Facebook Inc (NASDAQ:FB)’s new Related Articles feature is ruffling more than a few feathers. However, as with everything the social network does, it says there’s a good reason for what happened. It’s the algorithm’s fault, apparently.

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According to The Boston Globe, a story about Michelle Obama sparked a wildfire of controversy over the weekend. The actual story people were reading was about a 10-year-old girl who gave the first lady her father’s resume because he’s unemployed and in need of a job.

Risque content greets Facebook readers

The report in The Boston Globe states that a couple of the so-called “Related Articles” provided to readers of that Michelle Obama story were clearly nothing more but sensationalist  articles of dubious (and probably false) authenticity. One of the stories claimed that a Secret Service officer found the president and the first lady having sex in the Oval Office. The other suggested article claimed that America’s first couple is considering divorce and that “Barack has lost all control of Michelle.” Sounds an awful lot like the headlines you see plastered across many the tabloids at grocery store checkouts.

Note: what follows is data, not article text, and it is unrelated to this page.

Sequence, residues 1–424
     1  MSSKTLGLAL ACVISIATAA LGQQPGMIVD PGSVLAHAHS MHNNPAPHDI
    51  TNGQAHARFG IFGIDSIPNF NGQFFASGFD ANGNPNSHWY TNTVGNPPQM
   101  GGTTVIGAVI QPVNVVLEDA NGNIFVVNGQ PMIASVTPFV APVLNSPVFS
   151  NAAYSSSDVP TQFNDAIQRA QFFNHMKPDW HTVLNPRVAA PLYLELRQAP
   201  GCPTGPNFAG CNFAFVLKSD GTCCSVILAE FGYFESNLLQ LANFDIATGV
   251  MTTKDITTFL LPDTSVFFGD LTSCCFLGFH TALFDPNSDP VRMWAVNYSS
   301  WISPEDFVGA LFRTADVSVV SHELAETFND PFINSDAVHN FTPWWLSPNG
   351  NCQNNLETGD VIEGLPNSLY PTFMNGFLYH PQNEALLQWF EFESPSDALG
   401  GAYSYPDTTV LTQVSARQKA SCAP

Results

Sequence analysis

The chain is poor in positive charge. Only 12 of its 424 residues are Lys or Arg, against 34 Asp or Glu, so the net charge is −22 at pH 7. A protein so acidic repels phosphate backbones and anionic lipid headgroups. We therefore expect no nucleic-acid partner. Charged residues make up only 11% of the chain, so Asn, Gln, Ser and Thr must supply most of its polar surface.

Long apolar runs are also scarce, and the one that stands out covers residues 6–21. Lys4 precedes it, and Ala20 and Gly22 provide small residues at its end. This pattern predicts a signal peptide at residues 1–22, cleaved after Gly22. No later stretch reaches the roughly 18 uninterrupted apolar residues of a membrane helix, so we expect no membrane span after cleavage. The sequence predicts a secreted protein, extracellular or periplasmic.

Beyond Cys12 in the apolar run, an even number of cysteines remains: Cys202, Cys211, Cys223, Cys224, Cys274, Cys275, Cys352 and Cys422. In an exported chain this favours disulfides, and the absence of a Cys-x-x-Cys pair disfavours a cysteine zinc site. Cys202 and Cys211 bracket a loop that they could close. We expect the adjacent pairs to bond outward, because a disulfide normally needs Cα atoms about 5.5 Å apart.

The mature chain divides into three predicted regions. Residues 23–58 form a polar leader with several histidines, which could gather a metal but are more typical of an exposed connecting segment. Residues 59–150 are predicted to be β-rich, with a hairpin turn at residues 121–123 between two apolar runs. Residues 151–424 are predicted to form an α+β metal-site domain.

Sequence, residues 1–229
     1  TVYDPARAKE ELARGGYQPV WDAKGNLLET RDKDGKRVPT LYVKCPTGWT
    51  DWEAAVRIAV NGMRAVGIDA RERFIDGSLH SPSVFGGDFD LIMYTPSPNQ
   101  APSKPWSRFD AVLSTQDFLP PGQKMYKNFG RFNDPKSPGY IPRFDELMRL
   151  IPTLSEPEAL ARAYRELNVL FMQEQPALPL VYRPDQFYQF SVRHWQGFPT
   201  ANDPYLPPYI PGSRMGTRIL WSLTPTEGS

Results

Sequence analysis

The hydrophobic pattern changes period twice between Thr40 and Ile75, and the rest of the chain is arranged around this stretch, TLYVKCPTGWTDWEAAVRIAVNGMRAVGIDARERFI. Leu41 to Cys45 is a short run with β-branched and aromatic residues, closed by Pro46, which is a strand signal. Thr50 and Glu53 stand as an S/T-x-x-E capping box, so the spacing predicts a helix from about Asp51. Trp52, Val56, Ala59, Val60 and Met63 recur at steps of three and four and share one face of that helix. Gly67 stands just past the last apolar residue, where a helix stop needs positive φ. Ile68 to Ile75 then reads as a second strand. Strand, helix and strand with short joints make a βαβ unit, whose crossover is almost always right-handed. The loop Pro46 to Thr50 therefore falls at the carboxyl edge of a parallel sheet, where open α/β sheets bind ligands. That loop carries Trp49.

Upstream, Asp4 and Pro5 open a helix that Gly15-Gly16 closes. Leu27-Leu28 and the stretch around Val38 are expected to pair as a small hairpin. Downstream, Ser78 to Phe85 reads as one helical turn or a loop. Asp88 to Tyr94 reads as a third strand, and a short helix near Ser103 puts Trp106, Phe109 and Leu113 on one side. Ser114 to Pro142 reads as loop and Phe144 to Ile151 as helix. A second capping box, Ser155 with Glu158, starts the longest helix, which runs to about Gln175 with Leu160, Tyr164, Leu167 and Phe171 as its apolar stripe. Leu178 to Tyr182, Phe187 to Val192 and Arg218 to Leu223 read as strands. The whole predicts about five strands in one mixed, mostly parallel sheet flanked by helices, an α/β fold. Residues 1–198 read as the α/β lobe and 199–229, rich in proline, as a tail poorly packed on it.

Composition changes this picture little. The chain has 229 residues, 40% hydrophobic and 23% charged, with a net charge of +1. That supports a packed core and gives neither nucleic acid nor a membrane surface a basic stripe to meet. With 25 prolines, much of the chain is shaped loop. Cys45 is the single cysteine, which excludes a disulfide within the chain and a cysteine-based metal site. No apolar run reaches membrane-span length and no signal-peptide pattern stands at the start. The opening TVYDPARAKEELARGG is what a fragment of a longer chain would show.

It seems pretty clear that these articles contain false claims. Although a spokesperson for Facebook Inc (NASDAQ:FB) did not defend the articles’ content, she did say algorithms are to blame for the appearance of the questionable articles on readers’ News Feeds. Facebook selects Related Articles using a mathematical equation which links words and popularity to determine which articles are shown in the section. The social network does not verify the content of the articles, according to a spokesperson, any more than it verifies the content of users’ status updates.

Critics call for Facebook to suspend Related Articles

Experts say Facebook Inc (NASDAQ:FB) should find a way to make sure that the links in its Related Articles section contain legitimate news. Until the social network can, many believe it should suspend the feature so users who are caught unaware don’t end up believing something that isn’t true.

Emily Bell of Columbia Journalism School said Facebook Inc (NASDAQ:FB) “really screwed up.” She says the social network shouldn’t be recommending stories like it did in the case of the story about Michelle Obama because it is spreading false information, which is a big problem.

Facebook Inc (NASDAQ:FB) is trying to make itself appear to be a trusted source of news, but this is a huge step in the opposite direction. Last month, the company announced plans for its news service FB Newswire. The social network is partnering with Storyful on that service. Storyful has said it will vet stories before distributing them and plans to debunk “false stories and myths.” Clearly Facebook should be doing the same for its Related Articles section, although it isn’t.